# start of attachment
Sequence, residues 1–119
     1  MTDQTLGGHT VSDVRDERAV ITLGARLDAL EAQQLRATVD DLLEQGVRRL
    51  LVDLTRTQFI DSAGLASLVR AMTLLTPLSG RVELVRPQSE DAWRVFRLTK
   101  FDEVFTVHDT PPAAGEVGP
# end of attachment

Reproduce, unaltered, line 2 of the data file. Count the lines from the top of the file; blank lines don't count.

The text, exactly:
     1  MTDQTLGGHT VSDVRDERAV ITLGARLDAL EAQQLRATVD DLLEQGVRRL